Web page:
The current EU sanctions were introduced in March 2011, following the EU’s announcement of its support for Egypt’s transition to a civilian and democratic government, and target those allegedly responsible for the misappropriation of Egyptian state assets.
The European Court of Justice (the appeals court in Luxembourg) has handed down its judgment in the appeal brought by Ahmed Ezz and 3 of his spouses (Abla Ahmed, Khadiga Yassin and Shahinaz al Naggar) against the General Court’s judgment refusing to annul their Egyptian sanctions listings (see previous blog). The ECJ has rejected their appeals, in Case C-220/14P Ezz & Ors v Council (5 March 2015).
They were all listed on the EU’s sanctions directed at people / entities responsible for misappropriating Egyptian State funds in March 2011 on the grounds that they are “Persons subject to judicial proceedings by the Egyptian authorities in respect of the misappropriation of State Funds on the basis of the United Nations Convention against corruption”. Note that the EU’s sanctions relating to Ukraine and Tunisia are also phrased in this way.
The ECJ has upheld the General Court’s judgment, holding that the Council had the legal power to impose these measures (which are designed to assist the Egyptian authorities to have misappropriated assets returned), that they are not a disproportionate restriction on the appellants’ fundamental rights to respect for their property or on their freedom to conduct their businesses, and did not breach their rights of defence.
The ECJ found that the General Court had correctly interpreted the listing criterion “responsible for misappropriating State funds” as not requiring a criminal conviction. The appellants pointed to the narrower phrasing of the designation criteria in non-English versions of the Decision appearing to require that individuals have a criminal conviction for misappropriation of state assets before they can be listed. The Court agreed with the General Court’s preference for the broader English version that permits inclusion of the following 5 categories of people:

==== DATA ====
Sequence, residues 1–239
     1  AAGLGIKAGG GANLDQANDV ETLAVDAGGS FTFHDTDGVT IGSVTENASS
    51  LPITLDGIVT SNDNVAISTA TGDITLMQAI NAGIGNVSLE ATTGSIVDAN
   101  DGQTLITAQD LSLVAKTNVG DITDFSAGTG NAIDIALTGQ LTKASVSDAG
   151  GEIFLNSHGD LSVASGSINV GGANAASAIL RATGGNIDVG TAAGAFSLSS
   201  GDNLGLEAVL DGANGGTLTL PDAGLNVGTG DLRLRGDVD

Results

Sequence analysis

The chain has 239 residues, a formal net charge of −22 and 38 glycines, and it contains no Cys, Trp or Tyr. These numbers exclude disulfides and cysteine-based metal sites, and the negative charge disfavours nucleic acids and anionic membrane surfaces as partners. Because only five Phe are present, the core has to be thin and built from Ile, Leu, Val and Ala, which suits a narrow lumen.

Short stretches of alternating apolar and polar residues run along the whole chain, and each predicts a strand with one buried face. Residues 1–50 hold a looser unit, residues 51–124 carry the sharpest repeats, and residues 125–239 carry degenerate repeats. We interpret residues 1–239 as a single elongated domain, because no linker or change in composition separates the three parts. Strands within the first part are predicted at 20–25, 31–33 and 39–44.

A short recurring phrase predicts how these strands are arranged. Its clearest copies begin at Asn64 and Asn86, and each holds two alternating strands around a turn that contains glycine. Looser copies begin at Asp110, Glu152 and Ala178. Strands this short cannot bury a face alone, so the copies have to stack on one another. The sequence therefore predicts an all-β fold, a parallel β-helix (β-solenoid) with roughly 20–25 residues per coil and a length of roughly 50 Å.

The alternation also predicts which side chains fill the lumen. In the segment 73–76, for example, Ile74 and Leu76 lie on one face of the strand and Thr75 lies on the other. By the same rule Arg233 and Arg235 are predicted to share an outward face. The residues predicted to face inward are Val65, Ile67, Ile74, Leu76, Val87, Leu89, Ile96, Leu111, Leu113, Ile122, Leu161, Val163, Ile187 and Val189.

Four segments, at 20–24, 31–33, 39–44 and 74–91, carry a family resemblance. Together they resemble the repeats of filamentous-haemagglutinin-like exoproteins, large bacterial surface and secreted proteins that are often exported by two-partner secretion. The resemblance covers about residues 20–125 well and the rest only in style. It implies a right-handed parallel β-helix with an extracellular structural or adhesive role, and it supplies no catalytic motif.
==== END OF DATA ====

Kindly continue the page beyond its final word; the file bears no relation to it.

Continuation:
1) Individuals found guilty of misappropriation of State funds following judicial proceedings.
2) Those found to be their “accomplices” after a criminal trial.
3) People being “prosecuted” for misappropriation of State funds.
4) Those prosecuted for being their accomplices / associates.
5) People subject to “judicial proceedings connected to criminal proceedings for misappropriation of Egyptian State funds”.
The ECJ also held that the General Court had not erred in considering that the appellants fall into the 5th category, given the evidence of investigations and asset seizures provided by the Egyptian prosecutor. The ECJ declared a number of the appellants’ arguments inadmissible on the grounds that they had not been raised before the General Court or did not identify a particular passage of the General Court’s judgment.
The European Union has decided to renew its sanctions (restrictive measures) relating to Iran and to Egypt.
The Council of the EU has published a notice on 15 March 2014 informing people and companies listed in Regulation 267/2012 and another notice for those listed on Regulation 359/2011 that measures against them continue to apply, and that they may submit a request to reconsider that decision before 15 April 2014.
The Council of the EU has also just published a new Decision extending its sanctions relating to Egypt until 22 March 2015, and a notice for those listed in Council Regulation (EU) No 270/2011 informing them that they may submit a request to the Council for reconsideration before 30 January 2015.
The Iran and Egypt sanctions are on the ‘sanctions in force’ section of this blog.